May 11 2012

The One Thing That Matters More Than Grades or SAT Scores

Carlos Portocarrero

Report card

When I was young I though my future depends on three things:

  • SAT scores
  • GPA

Once I graduated, I realized none of that really matters. 

It’s kind of sad that I spent as much time as I did worrying about SAT scores and GPA scores. I wish I would’ve spent my time learning how to program or building my first website. Or even learning to play the guitar.

Grades were crucial to get into a “good” school, but once you’re in there all this stuff is pretty irrelevant.

So What Does Matter?

Experience, plain and simple.


What do you bring to the table as an intern or as an employee? What can you do for the company? What value to you bring?

What’s your potential?

As someone who has hired interns and scanned resumes, I’ll tell you this much: GPA didn’t matter one bit. What mattered was the personality and the skills we would get if we picked one person over another.

It’s the reason you see kids getting drafted my Major League Baseball teams even when their numbers aren’t very good: the teams see the skill and the potential and they pay up for it, regardless of what the numbers say.

What Now?

If you’re young and in college (or about to go to college), what do you do with this advice? Should you stop studying and get Cs from now on because grades don’t matter?

I would advice against that. Grades matter in the sense that they show how well you can play within a system.

If you can navigate the collegiate education system successfully, then that means something. It says you’re aware of what’s going on around you and you’re capable of figuring out the rules and succeeding.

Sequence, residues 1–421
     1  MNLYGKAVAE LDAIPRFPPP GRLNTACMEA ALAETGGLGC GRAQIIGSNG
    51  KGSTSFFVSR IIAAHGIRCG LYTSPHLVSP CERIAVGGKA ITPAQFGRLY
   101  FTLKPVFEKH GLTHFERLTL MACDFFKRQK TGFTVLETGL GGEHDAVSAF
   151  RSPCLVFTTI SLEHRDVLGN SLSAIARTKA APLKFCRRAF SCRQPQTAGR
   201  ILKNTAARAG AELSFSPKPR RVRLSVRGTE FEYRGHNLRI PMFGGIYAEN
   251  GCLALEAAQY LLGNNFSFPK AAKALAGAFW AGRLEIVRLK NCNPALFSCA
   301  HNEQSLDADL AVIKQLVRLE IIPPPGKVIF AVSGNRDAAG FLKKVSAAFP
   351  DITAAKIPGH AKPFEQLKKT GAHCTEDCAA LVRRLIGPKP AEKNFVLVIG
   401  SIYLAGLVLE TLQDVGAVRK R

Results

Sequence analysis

This counts for something.

But my advice is to start making things you’re proud of.

Whether it’s a blog or art or a novel or a new way to use Excel—just start making things you think are cool. Things you would be proud to share with your friends.

You’ll develop some skills. You’ll have things to put in your portfolio. You’ll become more valuable.

You’ll be 10 times more interesting and twice as valuable then the other guy who comes in with his chin high because he has a perfect GPA and knows how to take a test.

Image by Mark Gstohl

May 8 2012

The $100 Startup

Carlos Portocarrero

The $100 StartupToday is the day Chris Guillebeau’s new book comes out. It’s called The $100 Startup and I just finished reading it last week.

The book is about creating a micro-business that focuses on helping other people by offering them something of value.

Sounds like my starting over post, doesn’t it?

Anyway, I’ll be writing up a more in-depth review but I wanted to share this with you since it’s a pretty big day for Chris and he’s a really good dude.

In case the name sounds familiar, he writes over at The Art of Non-Conformity and I’ve written about his Empire Building Kit here before.

Congratulations to Chris! It’s a great book and I highly recommend it.

May 8 2012

Internships: Awesome or Exploitation?

Carlos Portocarrero

Messy desk

Some people think internships suck:

  • The pay is usually terrible (or non-existent)
  • You wind up doing other people’s errands some of the time
  • The work isn’t terribly exciting
  • Nobody calls you by your name (“Hey intern!”)

But you know what? It beats sitting on your sofa watching Jerry Springer every day after class. Try putting that on your resume and see what happens.

Internships are about experience, and you have to get that where you can. Even if it means being “Intern!” for a few months.

Lack of Experience

It’s one of the loudest complaints you’ll hear from employers and from employees, especially young ones.

How am I supposed to get experience if all the jobs I’m looking at demand 1-2 years of experience and I just graduated?

I covered this in Not Enough Experience? Get Some, and one of the best ways to get some experience is through an internship.

It doesn’t matter if you’re getting paid or not.